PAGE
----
We spent New Year’s Eve with our friends Deborah and Gary doing what all the cool kids were doing as 2004 came to a close—watching a Shirley Temple movie! No, not one of the classics she made when she was the most famous five-year-old on the planet tap dancing up staircases with Bill “Bojangles” Robinson, this was one of her films as a young adult under contract with David O. Selznick. I have a Belgian poster for “The Bachelor and the Bobbysoxer” hanging in our bathroom and I always thought this was one of the best films of that era. I still love it, how can you go wrong with Cary Grant and Myrna Loy and Shirley at her most fetching? But I guess our societal values have changed enough over the past decades that my new reaction to the storyline of Cary Grant’s Richard Nugent (age 43) pretending that he’s in love with Shirley Temple’s Susan Turner (age 17) was more “Ewwww” than “Isn’t that a hoot!” The really creepy part is that it’s Temple’s elderly uncle who persuades Shirley’s older sister Myrna Loy (who hates the Grant character at first and has good reason to believe he’s a dangerous womanizer) to make Cary woo Shirley until she gets over her schoolgirl crush which she doesn’t, of course, until the end of the film when she’s convinced by her uncle that her sister Myrna Loy (age 42) is SO over the hill that Shirley needs to “give” Cary Grant to her because it’s probably her sister’s last chance to snag a mate. Oy! Can you imagine this pedophile-evoking storyline in a movie today?
Another shock for me was watching Shirley’s acting. I have always vigorously defended Shirley Temple’s acting chops in her post-moppet period, especially as they were displayed in three of my favorite post-war films: “Since You Went Away,” “I’ll be Seeing You,” and “The Bachelor and the Bobbysoxer.” I continued my defense on New Year’s Eve as our hosts ganged up on poor Shirley, decrying after each scene, “this girl just can’t act!” “But that’s her character,” I replied, “she’s supposed to be like that,” while secretly thinking to myself, “hmm, Scarlett Johannson she ain’t!” Oh well, say what you like, at least Shirley Temple had the good sense to get cast in prestigious A-list movies and surround herself with incredibly talented folks like Grant, Loy, Claudette Colbert, Joseph Cotten, etc. Sidney Sheldon won an Oscar for writing “The Bachelor and the Bobbysoxer” and the dialogue is great, including this weird word play between Grant and Temple:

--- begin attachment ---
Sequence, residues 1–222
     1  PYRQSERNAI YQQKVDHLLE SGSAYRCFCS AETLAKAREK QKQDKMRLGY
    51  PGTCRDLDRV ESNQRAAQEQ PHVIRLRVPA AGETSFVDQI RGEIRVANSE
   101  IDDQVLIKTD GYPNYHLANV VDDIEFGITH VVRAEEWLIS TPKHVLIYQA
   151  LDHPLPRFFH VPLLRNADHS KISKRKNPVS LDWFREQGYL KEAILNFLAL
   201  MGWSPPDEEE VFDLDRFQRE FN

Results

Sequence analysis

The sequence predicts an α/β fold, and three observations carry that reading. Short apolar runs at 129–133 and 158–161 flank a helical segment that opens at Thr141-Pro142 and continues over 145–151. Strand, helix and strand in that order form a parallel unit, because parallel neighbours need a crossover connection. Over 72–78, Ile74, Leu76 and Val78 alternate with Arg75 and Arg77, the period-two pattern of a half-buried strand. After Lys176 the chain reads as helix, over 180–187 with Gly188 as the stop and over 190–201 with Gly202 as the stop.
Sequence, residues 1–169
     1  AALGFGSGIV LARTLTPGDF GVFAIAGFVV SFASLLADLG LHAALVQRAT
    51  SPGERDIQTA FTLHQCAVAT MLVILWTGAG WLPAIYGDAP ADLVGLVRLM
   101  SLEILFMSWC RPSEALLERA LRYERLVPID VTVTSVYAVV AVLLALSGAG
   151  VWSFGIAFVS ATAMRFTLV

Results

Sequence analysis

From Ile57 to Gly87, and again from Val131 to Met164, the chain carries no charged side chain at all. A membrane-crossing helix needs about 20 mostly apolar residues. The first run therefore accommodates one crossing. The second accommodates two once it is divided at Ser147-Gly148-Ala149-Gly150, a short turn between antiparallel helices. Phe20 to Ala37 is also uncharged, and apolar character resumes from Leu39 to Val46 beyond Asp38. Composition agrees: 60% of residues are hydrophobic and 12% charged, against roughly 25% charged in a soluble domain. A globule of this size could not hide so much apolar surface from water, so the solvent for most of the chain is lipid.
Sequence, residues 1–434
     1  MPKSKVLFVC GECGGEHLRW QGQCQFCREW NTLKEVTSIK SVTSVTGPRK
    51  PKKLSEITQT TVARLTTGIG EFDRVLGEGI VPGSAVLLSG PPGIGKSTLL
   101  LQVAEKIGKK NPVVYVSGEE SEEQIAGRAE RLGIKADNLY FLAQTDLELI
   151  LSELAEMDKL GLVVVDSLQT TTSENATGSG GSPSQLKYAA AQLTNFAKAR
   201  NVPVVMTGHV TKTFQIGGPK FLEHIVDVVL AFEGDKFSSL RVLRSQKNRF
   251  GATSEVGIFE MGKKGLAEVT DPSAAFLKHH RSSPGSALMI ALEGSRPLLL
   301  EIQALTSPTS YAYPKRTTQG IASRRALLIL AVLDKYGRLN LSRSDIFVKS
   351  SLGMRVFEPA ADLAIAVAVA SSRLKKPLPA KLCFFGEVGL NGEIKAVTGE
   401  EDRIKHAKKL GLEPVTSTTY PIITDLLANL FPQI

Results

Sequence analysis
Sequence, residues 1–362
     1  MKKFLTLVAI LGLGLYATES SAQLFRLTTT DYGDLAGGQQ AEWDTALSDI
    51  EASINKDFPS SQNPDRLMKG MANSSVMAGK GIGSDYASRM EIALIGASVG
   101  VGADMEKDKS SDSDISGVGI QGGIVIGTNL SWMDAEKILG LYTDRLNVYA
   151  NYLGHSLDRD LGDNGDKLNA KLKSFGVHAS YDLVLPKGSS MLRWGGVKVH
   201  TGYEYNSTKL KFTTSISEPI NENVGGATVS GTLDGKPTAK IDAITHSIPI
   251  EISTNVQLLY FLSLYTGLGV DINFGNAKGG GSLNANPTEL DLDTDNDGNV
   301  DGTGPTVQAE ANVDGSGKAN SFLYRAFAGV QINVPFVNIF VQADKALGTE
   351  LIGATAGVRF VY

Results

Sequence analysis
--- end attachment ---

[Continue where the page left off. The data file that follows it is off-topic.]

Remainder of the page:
Grant: You remind me of a man.
Temple: What man?
Grant: A man with a power?
Temple: What power?
Grant: The power of hoodoo.
Temple: Who do?!
Grant: You do!
Temple: Do what?
Grant: Remind me of a man…
My friend Helena named her special effects company WhoDoo EFX because of this scene! I love the beginning of “The Bachelor and the Bobbysoxer” but it’s based on the conceit that we will all be flabbergasted when the “Judge Turner” their maid keeps calling is actually Myrna Loy. OH MY GOD, A WOMAN IS A JUDGE? BUT HOW IS THAT POSSIBLE? Yikes. When she puts on her judge’s robes for the first time, her uncle remarks, “In walks a woman, out walks a judge.” Oh well, at least they SHOWED a smart female judge in 1947, they never made Myrna give up her job even when she ended up with Cary Grant! (Unlike Katharine Hepburn’s Tess Harding in “Woman of the Year” who convinced herself that in order to be a good wife to Spencer Tracy she better give up her career as an internationally recognized journalist and learn how to make waffles.)
If you want to evaluate post-adolescent Shirley for yourself, I strongly suggest taking a look at the very odd “I’ll Be Seeing You” from 1945 in which glamorous Ginger Rogers plays a convict who is released from the state penitentiary (!) for a Christmas leave and on the train home meets Joseph Cotten who has just been released from a mental hospital. Both try to keep their big Secrets from each other while Shirley, as Ginger’s cousin, becomes more and more suspicious. When all is said and done, I am still a Shirley Temple fan—even if she did end up a staunch Republican!
And this, my friends, is the real saving grace of having a blog—by going on and on about Shirley Temple in here instead of to my family or friends, I can perhaps retain a bit of dignity and social skill and avoid seeing the glazed-over eyes of people trying to inch out of the room!